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Thanks Scott I have looked on E bay , as you say . Not often And I am fimilliar with K&D i have some items from back in the 60's I will continue to keep a heads up for the right deal
Yours was used I assume for $75 But as its been said ,Theres a correct tool for every job Sad though , that it has to be 4 foot long !
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Old 05-21-2018, 01:23 PM   #8
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I subscribed to the search for a 3/4 inch And like the one you suggested
On another note . I like to buy something that would be more versitable But what would your opinion be on a 300lb wrench in conjuction with the multiplyer I already have
One like this

https://www.ebay.com/itm/TEKTON-2435....c100290.m3507
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Old 05-21-2018, 07:26 PM   #9
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tire work

As a truck mechanic,I purchased the some torque multiplier pictured,great tool.To tighten i found an old Matco dial torque wrench,made an extension for the handle making it 5 feet long. Now only takes 100 lbs on end of handle to reach torque,even a 70 year old can do it.
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Old 05-21-2018, 07:34 PM   #10
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Originally Posted by ronster View Post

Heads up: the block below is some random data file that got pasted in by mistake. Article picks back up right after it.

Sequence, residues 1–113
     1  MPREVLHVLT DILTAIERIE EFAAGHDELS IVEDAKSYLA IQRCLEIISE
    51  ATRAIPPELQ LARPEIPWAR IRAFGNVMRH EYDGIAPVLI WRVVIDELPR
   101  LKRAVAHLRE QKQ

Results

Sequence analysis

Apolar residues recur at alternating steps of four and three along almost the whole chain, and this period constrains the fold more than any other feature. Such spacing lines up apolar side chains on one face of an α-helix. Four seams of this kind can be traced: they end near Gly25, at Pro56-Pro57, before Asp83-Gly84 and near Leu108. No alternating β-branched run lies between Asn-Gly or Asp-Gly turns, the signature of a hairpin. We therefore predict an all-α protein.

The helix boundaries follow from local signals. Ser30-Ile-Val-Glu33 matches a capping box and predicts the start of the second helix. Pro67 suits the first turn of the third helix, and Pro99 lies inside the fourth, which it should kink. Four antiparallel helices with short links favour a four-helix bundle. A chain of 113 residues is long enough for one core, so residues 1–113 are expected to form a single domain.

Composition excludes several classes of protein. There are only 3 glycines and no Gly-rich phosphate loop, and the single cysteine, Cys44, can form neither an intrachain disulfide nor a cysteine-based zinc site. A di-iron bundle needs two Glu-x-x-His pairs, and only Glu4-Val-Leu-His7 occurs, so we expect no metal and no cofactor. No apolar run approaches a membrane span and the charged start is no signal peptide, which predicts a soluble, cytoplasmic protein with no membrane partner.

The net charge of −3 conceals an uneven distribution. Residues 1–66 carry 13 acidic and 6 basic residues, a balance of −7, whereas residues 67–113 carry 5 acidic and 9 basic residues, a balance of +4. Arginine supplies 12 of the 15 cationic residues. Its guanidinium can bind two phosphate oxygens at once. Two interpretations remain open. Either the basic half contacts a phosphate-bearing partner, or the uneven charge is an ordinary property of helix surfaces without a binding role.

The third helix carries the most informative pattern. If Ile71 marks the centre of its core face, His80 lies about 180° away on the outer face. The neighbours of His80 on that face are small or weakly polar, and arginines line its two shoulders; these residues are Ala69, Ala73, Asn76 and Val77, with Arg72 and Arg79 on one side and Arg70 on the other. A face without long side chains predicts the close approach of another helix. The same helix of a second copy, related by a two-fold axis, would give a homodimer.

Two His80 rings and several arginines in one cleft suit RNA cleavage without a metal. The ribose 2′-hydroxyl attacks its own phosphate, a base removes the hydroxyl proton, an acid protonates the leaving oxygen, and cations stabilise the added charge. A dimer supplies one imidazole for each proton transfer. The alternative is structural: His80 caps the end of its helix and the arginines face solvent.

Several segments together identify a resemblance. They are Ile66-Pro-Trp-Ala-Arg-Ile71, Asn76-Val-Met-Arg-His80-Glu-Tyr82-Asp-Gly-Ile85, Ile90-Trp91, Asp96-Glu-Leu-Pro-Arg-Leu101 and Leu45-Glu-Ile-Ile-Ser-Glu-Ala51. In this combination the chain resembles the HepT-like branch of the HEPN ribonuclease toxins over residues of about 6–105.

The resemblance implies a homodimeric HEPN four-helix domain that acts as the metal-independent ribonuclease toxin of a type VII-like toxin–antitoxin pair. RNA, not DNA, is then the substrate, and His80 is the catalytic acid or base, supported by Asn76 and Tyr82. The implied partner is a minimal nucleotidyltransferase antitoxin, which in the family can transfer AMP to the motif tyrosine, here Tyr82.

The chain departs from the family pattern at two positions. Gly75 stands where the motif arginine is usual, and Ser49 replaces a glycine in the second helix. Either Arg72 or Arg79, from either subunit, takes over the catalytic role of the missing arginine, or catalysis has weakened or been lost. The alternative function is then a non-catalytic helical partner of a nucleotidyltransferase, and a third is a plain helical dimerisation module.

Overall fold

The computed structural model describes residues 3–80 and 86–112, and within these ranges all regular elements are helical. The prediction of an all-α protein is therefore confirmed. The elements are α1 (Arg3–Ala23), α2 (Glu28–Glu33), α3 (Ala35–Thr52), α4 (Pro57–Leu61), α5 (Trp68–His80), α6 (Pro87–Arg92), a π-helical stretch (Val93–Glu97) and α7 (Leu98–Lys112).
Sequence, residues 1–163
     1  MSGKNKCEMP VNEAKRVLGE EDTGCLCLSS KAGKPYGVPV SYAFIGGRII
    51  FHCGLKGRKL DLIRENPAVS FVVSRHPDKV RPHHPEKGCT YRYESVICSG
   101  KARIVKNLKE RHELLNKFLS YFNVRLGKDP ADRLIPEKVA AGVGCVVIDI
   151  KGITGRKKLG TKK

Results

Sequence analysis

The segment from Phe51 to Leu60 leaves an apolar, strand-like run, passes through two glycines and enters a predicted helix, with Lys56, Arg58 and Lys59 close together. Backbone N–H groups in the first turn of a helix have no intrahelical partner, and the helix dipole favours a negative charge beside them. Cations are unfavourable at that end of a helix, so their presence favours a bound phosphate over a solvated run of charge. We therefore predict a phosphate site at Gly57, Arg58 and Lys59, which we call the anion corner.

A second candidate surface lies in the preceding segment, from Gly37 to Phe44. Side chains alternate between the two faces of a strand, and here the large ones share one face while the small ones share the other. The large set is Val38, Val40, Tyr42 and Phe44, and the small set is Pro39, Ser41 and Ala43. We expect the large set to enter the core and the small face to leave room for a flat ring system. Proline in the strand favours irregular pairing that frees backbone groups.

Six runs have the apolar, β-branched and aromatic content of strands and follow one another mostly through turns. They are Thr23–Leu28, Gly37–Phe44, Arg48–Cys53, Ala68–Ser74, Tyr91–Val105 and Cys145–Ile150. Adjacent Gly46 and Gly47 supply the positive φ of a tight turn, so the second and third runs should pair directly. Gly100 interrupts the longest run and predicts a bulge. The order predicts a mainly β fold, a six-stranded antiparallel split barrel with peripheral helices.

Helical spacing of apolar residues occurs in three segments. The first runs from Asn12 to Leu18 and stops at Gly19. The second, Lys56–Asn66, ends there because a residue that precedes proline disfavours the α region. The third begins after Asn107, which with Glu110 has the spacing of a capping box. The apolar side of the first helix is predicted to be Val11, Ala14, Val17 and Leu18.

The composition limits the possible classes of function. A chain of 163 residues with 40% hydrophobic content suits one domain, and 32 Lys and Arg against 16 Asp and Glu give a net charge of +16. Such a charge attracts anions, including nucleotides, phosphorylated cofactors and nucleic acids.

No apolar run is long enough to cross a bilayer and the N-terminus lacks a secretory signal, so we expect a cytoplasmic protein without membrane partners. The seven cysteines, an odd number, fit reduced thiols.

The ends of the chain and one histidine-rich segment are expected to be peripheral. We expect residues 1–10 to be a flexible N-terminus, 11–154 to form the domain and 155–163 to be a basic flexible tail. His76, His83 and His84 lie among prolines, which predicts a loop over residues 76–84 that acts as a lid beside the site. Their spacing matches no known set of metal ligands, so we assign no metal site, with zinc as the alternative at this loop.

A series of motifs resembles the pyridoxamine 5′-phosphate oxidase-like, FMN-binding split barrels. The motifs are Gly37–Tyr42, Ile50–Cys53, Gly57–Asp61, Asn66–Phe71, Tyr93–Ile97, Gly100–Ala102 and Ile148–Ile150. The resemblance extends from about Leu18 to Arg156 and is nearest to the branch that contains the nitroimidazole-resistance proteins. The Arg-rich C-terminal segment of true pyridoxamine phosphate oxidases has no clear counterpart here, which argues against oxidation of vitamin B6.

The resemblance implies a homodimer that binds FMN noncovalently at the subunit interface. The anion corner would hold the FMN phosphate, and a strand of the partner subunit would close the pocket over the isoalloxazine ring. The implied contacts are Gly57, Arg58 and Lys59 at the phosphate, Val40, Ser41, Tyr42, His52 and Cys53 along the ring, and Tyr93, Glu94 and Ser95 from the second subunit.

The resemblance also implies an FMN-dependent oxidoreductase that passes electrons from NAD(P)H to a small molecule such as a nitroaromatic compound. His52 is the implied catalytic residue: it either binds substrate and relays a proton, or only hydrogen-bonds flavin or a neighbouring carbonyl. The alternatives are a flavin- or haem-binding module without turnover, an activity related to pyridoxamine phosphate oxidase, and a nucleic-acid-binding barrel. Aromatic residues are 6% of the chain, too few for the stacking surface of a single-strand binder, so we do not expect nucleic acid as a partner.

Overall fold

As a truck mechanic,I purchased the some torque multiplier pictured,great tool.To tighten i found an old Matco dial torque wrench,made an extension for the handle making it 5 feet long. Now only takes 100 lbs on end of handle to reach torque,even a 70 year old can do it.

Given a long enough lever, a fulcrum and a place to stand and one can move the world
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Old 05-21-2018, 08:47 PM   #11
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I’ve seen some videos showing how to make sure/adjust your torque wrench to spec. I was thinking it might be worthy to somehow verify because, for example, what if your 100 ft/lb torque clicks at 107. Now, what if your 4X multiplier is really 4.5X. Wouldn’t that equate to 107x4.5= 481.5ft/lbs instead of 400ft/lbs? Maybe I’m figuring wrong or overthinking, but you wouldn’t want to snap anything off at those pressures. I’d be less worried if someone said, hey! they’ll go up to 600 before there’s a worry.